The path for states and localities to reform health care is clearer now, given yesterday’s decision by the full Ninth Circuit Court of Appeals.
The court upheld the Healthy San Francisco program, particularly the requirement for set a minimum contribution by employers toward their worker’s health coverage. The program allows employers to meet that requirement by offering private coverage, or by paying into a new, affordable public health plan option that would provide access to San Francisco health services.
This is big news for the city, and for the tens of thousands of San Franciscans who get coerage through Healthy San Francisco, or who have gotten or kept private coverage due to the law.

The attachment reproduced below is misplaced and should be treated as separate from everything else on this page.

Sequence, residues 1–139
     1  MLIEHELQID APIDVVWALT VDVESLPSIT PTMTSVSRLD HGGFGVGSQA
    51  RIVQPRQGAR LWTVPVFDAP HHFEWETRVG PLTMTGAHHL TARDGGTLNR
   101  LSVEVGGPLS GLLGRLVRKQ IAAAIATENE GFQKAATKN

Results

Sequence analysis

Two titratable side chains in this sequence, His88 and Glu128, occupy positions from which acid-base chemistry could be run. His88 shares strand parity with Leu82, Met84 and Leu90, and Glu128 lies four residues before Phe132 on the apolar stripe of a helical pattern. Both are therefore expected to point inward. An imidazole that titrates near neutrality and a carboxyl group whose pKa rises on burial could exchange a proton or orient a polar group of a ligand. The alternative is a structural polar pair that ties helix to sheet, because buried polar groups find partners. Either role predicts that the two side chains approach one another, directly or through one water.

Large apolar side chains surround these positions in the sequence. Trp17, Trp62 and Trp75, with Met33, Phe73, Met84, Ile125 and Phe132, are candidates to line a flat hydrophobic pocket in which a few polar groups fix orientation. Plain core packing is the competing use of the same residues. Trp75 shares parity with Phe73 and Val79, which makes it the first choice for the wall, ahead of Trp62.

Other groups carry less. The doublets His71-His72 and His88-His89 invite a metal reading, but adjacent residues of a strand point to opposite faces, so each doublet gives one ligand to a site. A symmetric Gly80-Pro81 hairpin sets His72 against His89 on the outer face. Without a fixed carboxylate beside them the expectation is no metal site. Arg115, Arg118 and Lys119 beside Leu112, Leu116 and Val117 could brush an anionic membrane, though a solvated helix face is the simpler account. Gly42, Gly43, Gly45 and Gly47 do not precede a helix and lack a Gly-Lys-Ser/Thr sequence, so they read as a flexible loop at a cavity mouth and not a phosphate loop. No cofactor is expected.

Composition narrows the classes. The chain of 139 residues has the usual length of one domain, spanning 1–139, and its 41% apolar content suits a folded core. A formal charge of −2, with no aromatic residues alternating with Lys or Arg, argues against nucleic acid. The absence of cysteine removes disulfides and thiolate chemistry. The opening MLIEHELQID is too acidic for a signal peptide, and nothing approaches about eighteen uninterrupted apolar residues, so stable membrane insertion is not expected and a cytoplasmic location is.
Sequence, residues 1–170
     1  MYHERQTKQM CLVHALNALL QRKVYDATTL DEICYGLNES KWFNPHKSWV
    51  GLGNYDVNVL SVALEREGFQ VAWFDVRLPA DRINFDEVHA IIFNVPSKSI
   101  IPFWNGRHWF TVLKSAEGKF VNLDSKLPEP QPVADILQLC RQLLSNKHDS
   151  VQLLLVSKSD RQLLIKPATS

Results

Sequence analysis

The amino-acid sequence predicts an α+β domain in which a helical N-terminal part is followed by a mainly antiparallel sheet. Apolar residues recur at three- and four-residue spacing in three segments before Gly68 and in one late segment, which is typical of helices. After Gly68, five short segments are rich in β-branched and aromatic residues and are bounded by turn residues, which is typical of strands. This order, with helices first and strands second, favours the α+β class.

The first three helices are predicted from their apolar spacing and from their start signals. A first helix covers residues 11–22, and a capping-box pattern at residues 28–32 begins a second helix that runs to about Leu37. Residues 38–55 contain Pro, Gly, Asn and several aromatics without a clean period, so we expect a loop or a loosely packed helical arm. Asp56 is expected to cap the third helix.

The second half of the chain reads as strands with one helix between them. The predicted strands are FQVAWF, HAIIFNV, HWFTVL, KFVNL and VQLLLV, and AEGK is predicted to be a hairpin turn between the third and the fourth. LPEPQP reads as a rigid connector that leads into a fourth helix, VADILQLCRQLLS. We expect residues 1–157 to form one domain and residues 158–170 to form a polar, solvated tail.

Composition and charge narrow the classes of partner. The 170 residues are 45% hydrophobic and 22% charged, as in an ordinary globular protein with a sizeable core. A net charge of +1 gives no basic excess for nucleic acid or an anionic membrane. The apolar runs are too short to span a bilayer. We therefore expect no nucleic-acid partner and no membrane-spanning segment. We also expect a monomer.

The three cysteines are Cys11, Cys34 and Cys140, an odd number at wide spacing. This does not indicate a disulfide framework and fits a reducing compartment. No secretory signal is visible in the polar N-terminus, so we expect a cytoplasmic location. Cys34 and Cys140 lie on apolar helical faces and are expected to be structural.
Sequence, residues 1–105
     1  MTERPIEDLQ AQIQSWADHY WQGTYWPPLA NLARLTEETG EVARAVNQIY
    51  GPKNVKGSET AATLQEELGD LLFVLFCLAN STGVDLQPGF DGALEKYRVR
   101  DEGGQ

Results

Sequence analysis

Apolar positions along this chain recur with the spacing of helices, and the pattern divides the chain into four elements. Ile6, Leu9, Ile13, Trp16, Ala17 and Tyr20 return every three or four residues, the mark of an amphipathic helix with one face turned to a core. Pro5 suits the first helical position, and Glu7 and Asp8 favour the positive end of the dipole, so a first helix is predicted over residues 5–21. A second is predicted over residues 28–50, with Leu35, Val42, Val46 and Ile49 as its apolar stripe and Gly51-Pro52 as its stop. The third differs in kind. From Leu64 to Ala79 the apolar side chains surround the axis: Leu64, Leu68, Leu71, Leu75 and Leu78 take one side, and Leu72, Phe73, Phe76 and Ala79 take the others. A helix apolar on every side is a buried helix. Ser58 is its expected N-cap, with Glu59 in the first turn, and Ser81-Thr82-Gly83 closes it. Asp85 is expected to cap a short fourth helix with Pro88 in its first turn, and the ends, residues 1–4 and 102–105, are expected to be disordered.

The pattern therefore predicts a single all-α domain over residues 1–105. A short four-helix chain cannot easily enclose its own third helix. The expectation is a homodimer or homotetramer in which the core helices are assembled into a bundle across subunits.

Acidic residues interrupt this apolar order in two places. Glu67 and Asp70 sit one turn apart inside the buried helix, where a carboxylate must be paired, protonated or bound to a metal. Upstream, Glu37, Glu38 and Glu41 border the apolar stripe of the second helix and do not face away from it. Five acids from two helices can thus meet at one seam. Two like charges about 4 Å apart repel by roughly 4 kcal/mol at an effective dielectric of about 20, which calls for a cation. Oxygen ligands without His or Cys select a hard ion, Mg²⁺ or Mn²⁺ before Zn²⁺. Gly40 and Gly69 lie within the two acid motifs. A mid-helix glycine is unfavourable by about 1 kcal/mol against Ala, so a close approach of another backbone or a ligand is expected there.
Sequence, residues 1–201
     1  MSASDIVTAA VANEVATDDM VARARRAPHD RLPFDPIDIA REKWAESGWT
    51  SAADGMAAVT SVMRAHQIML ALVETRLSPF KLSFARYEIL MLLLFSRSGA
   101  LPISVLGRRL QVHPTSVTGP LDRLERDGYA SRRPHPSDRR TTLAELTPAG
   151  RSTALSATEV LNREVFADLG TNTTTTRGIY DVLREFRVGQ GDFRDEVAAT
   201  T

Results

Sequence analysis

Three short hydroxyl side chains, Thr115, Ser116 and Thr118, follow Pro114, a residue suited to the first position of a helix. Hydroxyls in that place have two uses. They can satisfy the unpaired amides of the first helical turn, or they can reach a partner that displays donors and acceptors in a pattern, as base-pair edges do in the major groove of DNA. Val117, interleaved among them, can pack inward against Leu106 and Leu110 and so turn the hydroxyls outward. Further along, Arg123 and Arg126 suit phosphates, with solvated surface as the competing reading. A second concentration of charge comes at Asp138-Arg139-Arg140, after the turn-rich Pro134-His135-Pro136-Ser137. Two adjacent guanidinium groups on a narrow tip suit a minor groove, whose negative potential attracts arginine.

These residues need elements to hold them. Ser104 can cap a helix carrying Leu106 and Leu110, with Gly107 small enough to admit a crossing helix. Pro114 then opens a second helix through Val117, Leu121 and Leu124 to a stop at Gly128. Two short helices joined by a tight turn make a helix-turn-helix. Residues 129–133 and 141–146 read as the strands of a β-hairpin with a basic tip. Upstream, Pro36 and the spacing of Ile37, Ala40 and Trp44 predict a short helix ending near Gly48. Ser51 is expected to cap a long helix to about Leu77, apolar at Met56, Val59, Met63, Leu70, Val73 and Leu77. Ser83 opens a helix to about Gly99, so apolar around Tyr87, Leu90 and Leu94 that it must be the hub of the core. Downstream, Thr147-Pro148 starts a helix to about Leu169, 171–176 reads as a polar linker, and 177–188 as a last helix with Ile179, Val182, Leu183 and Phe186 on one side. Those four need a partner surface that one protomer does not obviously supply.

But this is even bigger news for the states. For years, many have said that states can’t do health reform because of the federal ERISA law, which preempts state regulation of worker benefits. But this decision shows what a state can do without violating the constraints of ERISA.
Whether it was AB x1 1 in 2007, SB2 in 2003, or other health reform proposals in California, the possibility is there. Coincidentally, the Assembly Health Committee, chaired by Assemblyman Dave Jones, is having a hearing this afternoon about how to move ahead with state health reform. They have new possibility today.